The history books and records tell us what Tituba said and did after they arrested and charged her. But there is no information, not an inkling, of what she was like as a human being.
Most of the others involved in the Salem tragedy, those afflicted by witches, the judges, witnesses and the accused, have modern descendants scattered around the globe. For many of the descendants, it seems to be a mark of pride when they identify an ancestor involved in the Salem witchcraft story. Tituba is an exception because no one knows what happened to her.
Court records show the how and why Tituba was charged. They show she at first denied the crime until she was “interrogated”. And after they persuaded her to confess, she surprised them all by naming two other women as fellow witches, servants of the devil. In subsequent court hearings Tituba called out the existence of more witches, some of them flying in from distant Boston!
The written documentation lays out the latent fears the Puritan colonists lived with. Those fears in some combination lead to the hysteria that drove hundreds of accusations, dozens of trials, and 19 hangings of innocent people during six months of infamy.
They have preserved sworn depositions and court transcripts in museums and universities. And although the records detail the kangaroo court proceedings, and their rush to judgement with imaginary visions of specters as valid evidence, many questions remain. Historians still comb through occasional newly discovered information. And even so, after analyzing village, town, and colonial government records, parish records and sermon books, the root causes of the events remain shrouded in mystery.
The elusive woman of color, Tituba, who opened the door to the wild accusations of neighbor against neighbor remains a mystery too. No one preserved records of an uneducated slave, one considered by most to be less than fully human.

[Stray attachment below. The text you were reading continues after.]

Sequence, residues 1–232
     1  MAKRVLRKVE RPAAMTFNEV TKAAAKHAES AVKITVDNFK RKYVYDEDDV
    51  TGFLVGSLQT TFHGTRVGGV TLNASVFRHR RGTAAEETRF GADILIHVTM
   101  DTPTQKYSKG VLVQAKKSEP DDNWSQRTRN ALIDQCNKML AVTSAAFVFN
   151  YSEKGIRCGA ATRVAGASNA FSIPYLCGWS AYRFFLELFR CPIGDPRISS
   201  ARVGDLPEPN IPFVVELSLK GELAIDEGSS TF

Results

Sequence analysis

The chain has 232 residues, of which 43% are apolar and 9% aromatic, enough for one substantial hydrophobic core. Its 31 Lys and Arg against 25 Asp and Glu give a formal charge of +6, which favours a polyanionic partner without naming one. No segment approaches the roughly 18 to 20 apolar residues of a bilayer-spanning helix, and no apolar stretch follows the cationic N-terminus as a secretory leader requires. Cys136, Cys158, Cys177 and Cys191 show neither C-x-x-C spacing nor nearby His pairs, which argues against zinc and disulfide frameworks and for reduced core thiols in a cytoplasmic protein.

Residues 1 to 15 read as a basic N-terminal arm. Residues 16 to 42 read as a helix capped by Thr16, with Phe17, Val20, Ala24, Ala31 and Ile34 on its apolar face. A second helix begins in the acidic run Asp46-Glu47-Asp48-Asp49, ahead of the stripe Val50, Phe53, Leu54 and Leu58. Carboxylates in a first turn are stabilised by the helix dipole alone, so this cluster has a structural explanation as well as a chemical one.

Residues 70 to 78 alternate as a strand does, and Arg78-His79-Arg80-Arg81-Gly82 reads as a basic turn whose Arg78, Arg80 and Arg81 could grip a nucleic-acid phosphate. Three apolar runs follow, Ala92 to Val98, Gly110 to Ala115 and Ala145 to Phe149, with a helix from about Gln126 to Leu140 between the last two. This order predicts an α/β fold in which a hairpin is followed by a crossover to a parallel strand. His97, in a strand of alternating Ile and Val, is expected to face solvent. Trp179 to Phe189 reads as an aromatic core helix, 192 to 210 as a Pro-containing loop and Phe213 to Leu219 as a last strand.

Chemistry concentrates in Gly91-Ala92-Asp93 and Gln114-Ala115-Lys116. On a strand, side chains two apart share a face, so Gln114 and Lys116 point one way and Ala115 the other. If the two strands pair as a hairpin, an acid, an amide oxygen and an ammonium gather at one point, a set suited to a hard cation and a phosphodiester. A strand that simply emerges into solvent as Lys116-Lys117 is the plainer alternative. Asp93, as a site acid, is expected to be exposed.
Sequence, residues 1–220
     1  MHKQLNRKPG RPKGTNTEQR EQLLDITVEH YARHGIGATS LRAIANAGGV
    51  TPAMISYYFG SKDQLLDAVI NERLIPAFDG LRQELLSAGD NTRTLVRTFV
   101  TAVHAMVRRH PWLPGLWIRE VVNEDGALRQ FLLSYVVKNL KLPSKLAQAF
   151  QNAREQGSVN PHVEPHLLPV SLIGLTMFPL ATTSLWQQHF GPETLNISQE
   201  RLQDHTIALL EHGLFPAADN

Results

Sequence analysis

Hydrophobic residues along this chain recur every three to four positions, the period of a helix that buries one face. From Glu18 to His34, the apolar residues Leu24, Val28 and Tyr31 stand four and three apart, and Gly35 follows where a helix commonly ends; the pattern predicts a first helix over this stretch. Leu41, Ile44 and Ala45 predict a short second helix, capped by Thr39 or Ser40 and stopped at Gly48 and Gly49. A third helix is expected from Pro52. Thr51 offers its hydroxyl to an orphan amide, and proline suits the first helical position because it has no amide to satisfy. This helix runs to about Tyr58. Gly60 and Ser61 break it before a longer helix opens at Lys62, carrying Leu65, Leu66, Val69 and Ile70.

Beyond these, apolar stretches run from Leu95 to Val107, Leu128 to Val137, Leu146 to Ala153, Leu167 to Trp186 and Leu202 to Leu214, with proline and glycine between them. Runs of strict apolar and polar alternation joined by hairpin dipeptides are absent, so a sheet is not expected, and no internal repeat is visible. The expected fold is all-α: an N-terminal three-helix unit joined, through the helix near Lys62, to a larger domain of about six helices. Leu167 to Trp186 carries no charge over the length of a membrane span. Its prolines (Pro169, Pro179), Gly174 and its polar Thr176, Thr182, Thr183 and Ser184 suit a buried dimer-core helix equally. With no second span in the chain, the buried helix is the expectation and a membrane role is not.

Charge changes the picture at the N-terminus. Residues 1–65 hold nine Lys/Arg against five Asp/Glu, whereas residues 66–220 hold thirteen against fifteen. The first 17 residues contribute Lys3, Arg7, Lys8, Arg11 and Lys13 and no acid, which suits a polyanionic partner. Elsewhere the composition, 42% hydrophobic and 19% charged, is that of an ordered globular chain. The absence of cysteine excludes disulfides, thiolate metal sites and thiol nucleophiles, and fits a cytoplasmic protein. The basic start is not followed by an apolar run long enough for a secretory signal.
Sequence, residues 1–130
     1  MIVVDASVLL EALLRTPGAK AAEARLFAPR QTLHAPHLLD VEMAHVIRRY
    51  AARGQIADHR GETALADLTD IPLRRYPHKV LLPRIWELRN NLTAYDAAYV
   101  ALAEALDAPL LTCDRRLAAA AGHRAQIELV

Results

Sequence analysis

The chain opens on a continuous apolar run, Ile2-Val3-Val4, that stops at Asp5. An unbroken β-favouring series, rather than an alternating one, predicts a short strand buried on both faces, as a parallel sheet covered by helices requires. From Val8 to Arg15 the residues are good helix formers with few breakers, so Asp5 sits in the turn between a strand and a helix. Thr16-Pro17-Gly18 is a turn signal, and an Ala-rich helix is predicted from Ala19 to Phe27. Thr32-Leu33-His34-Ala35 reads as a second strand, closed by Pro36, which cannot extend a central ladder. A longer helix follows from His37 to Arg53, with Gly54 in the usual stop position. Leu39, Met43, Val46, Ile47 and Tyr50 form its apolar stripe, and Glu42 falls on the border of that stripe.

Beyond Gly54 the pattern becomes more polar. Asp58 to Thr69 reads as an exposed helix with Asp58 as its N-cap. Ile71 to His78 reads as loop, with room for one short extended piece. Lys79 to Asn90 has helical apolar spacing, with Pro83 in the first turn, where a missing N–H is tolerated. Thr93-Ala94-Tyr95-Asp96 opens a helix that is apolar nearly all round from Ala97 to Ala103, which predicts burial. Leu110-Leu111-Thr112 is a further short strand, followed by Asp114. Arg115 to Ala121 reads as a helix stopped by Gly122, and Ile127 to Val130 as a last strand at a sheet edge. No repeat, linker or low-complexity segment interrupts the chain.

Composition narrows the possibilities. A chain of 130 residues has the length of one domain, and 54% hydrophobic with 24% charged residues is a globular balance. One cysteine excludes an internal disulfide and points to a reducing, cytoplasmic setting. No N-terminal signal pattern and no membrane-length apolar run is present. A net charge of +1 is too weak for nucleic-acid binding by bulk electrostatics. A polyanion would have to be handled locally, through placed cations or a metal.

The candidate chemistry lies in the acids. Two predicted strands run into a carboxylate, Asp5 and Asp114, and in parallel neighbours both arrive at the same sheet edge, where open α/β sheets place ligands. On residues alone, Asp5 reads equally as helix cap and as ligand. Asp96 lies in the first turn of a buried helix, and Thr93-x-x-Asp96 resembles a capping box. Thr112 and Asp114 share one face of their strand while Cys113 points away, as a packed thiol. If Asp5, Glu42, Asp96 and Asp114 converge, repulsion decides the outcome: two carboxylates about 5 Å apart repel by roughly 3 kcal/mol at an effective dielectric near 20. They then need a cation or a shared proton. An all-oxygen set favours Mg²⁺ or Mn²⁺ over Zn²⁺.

Enter the novelist. Without clear evidence of Tituba’s origins and her character, creative fiction can fill the void of a memorable woman erased from history. Her name, Tituba, roughly translated from the west African Yoruba language means one who appeases. Why would an appeaser turn on her masters, then? Dave Tamanini offers his own provocative tale of what happened and why with a bit of magic thrown in.
For Dave, it took a while to become a fiction author. Born in the northeastern coal region of Pennsylvania, he lived a nomadic childhood while growing up in a U.S. Army family. He was the first to head off to college. And after earning a B.A. degree at the University of Maryland, he landed a job as a civil rights investigator of race and gender discrimination. That work in the legal field led to the University of Detroit Law School and then private law practice for over thirty years. There is no better work than lawyering to prepare for writing fiction, he says. You get to help clients from all walks of life and learn about human strength, frailty… and hypocrisy.